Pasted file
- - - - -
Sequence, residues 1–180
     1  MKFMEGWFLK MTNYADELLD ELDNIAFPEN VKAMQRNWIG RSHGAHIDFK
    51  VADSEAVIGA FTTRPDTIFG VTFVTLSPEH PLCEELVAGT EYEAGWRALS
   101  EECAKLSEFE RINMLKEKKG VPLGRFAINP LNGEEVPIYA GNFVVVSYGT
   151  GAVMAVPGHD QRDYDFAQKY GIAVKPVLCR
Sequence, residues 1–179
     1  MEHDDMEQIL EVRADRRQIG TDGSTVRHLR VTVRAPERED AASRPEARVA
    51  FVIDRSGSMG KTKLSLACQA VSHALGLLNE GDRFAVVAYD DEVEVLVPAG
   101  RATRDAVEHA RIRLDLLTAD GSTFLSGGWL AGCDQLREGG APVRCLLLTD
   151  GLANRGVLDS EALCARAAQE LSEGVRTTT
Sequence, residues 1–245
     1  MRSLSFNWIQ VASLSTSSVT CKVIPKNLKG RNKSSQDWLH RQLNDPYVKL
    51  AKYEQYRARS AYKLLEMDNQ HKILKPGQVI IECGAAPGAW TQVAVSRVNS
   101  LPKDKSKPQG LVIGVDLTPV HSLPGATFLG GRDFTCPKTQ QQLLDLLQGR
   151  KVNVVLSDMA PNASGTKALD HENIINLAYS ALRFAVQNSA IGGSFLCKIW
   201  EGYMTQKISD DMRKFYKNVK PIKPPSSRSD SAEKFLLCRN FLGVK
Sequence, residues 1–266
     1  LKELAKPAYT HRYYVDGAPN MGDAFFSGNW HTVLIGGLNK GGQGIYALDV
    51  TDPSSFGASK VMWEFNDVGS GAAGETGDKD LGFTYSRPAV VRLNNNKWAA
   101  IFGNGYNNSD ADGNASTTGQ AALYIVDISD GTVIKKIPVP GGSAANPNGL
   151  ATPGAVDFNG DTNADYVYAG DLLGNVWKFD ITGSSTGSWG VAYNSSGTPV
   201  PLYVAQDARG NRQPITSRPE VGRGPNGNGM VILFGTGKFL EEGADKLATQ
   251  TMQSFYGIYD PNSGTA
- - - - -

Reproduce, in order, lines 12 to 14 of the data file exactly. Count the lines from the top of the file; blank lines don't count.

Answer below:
     1  MRSLSFNWIQ VASLSTSSVT CKVIPKNLKG RNKSSQDWLH RQLNDPYVKL
    51  AKYEQYRARS AYKLLEMDNQ HKILKPGQVI IECGAAPGAW TQVAVSRVNS
   101  LPKDKSKPQG LVIGVDLTPV HSLPGATFLG GRDFTCPKTQ QQLLDLLQGR